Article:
Learning to be recognised: the brand

The brand


The brand is, par excellence, the distinctive sign of the company, by which it distinguishes its products on the market from those of its competitors. 

The brand is an important corporate asset and the stronger and more recognisable it is, the more it will be able to bring a competitive advantage to the company, becoming a brand which carries a clearly identifiable identity and values for the consumer. 

The main function of the trade mark is therefore as an indicator of the origin of goods and services, but it can also have the following functions: 

  • Advertising (or attractiveness)by concentrating all the value of advertising investments made in respect of a particular product.
  • Investmentwith regard to the protection of the trade mark against any third party initiative liable to undermine the effectiveness of the advertising investments committed to the trade mark.
  • WarrantyThe consumer expects to find the quality characteristics of the product already known, on other products bearing the same brand name.

All signs, in particular words, including names of persons, drawings, letters, numerals, sounds, the shape of the product or its packaging, colour combinations or shades, may be registered as trade marks, provided they are suitable: 

  1. to distinguish the products or services of one enterprise from those of other enterprises; 
  2. to be represented in the register in such a way as to enable the competent authorities and the public to determine clearly and precisely the object of protection conferred on the holder1 .

1 Art. 7 IPC (Industrial Property Code)

Requirements for registrability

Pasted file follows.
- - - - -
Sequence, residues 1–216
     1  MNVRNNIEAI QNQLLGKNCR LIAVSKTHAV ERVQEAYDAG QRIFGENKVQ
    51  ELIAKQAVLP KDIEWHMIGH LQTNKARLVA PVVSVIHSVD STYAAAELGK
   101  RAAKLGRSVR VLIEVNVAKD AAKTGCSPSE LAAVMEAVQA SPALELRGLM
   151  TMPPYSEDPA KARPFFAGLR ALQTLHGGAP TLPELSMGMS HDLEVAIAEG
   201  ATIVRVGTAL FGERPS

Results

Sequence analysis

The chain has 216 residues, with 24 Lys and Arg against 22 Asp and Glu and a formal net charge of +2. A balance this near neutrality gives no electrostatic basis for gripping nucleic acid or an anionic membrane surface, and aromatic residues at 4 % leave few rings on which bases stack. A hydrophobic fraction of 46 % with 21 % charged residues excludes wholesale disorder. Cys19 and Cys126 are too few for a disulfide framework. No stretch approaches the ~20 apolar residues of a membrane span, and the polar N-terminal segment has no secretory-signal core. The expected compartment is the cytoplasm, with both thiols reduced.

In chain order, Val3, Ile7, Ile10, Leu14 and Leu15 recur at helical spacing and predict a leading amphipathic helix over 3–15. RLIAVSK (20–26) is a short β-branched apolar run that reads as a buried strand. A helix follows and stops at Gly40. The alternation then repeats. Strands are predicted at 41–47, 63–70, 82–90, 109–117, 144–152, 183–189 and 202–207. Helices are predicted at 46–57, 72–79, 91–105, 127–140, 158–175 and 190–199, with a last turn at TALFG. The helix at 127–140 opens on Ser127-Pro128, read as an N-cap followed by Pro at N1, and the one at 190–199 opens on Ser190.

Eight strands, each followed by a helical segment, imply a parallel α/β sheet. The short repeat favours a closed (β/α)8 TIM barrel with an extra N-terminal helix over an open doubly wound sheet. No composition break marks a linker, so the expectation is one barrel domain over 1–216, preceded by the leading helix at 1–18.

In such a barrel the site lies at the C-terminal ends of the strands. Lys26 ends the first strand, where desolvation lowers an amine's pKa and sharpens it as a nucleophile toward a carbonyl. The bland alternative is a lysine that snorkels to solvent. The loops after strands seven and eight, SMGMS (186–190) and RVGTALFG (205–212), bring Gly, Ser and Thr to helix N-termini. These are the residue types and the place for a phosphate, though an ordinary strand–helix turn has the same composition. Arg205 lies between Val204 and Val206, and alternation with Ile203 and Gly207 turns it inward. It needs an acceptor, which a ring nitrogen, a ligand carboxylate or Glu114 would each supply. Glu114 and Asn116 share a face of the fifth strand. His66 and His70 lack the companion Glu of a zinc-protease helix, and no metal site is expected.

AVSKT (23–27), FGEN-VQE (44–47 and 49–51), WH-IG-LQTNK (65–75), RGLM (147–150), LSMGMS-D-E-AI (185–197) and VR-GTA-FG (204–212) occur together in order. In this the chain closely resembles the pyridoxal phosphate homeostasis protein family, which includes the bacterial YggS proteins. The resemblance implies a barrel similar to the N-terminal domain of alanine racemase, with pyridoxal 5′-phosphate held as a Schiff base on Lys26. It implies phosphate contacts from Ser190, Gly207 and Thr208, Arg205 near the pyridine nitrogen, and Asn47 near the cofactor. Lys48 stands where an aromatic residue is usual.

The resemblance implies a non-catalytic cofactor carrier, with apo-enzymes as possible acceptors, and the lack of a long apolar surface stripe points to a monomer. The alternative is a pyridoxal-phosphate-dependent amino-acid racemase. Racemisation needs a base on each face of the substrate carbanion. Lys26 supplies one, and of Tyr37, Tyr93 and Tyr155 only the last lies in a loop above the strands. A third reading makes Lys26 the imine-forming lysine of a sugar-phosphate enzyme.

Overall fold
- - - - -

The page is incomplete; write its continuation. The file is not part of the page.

In order to be validly registered as a trade mark, a sign must meet the following requirements: 

  • Distinctive capacity2means the ability of the sign to distinguish a product or service. It should be noted, however, that even a sign that was originally devoid of distinctiveness can be validly registered as a trade mark if, as a result of the use made of it before the application was filed, it has acquired distinctive character (so-called secondary meaning). Conversely, the so-called vulgarisation phenomenon may occur if a sign, originally distinctive, becomes a generic term of the product due to the owner's activity or inactivity.
  • Lawfulness3Excluded from registration are signs contrary to law, public order and morality, signs likely to mislead the public (in particular as to the geographical origin, nature or quality of the goods or services) and those the use of which would constitute an infringement of another person's copyright, industrial property right or other exclusive right of a third party.
  • News4This is a relative ground for refusal, related to the presence of third party rights. In this sense, a trade mark may not be registered (or if registered, may be cancelled) if it is identical or similar to a sign of another person used to distinguish goods or services identical or similar to those for which the trade mark registration has been applied for, where this is likely to cause a likelihood of confusion on the part of consumers, or a likelihood of association between the two signs.

In the case of trade marks having a reputation, protection may also be granted for non-similar goods where the earlier trade mark has a reputation in the European Union or in the State and where the use of the later trade mark without due cause would take unfair advantage of, or be detrimental to, the distinctive character or repute of the earlier sign.

 article 13 c.p.i.
 3 article 14 c.p.i.
 article 12 c.p.i.

 Purchase of the right

Any person may apply for the registration of a sign as a trade mark provided that he uses it or proposes to use it in the manufacture or marketing of goods or in the provision of services by his own undertaking or by undertakings over which he has control or which use it with his consent5.  

The trade mark may be transferred for all or part of the goods or services for which it is registered.

5 art. 19 c.p.i.

Duration, nullity and forfeiture